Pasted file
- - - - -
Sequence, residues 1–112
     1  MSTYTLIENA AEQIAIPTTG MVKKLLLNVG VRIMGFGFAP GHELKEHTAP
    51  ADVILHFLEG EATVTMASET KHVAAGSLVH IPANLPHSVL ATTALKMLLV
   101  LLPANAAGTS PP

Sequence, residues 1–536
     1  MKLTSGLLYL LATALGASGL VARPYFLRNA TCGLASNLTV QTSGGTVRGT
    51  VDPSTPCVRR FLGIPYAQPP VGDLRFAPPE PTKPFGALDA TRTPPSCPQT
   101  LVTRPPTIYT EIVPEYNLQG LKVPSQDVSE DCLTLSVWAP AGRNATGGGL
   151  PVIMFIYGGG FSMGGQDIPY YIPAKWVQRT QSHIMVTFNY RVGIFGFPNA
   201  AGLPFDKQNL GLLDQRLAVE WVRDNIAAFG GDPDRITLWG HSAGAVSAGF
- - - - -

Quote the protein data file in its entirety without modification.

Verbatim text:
Sequence, residues 1–112
     1  MSTYTLIENA AEQIAIPTTG MVKKLLLNVG VRIMGFGFAP GHELKEHTAP
    51  ADVILHFLEG EATVTMASET KHVAAGSLVH IPANLPHSVL ATTALKMLLV
   101  LLPANAAGTS PP

Sequence, residues 1–536
     1  MKLTSGLLYL LATALGASGL VARPYFLRNA TCGLASNLTV QTSGGTVRGT
    51  VDPSTPCVRR FLGIPYAQPP VGDLRFAPPE PTKPFGALDA TRTPPSCPQT
   101  LVTRPPTIYT EIVPEYNLQG LKVPSQDVSE DCLTLSVWAP AGRNATGGGL
   151  PVIMFIYGGG FSMGGQDIPY YIPAKWVQRT QSHIMVTFNY RVGIFGFPNA
   201  AGLPFDKQNL GLLDQRLAVE WVRDNIAAFG GDPDRITLWG HSAGAVSAGF